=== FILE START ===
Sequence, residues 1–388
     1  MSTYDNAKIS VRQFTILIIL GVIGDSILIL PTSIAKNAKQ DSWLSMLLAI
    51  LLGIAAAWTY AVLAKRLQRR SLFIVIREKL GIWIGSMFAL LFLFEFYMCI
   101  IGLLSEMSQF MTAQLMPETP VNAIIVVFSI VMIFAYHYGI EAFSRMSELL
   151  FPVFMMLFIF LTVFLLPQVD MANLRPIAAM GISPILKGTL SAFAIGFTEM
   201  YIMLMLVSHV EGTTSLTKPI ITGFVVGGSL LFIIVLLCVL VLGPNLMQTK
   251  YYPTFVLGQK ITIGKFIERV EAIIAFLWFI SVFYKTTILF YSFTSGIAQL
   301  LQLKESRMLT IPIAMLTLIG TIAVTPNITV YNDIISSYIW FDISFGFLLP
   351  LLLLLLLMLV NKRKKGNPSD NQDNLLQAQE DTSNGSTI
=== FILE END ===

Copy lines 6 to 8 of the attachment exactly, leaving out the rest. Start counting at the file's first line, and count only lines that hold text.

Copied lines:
   201  YIMLMLVSHV EGTTSLTKPI ITGFVVGGSL LFIIVLLCVL VLGPNLMQTK
   251  YYPTFVLGQK ITIGKFIERV EAIIAFLWFI SVFYKTTILF YSFTSGIAQL
   301  LQLKESRMLT IPIAMLTLIG TIAVTPNITV YNDIISSYIW FDISFGFLLP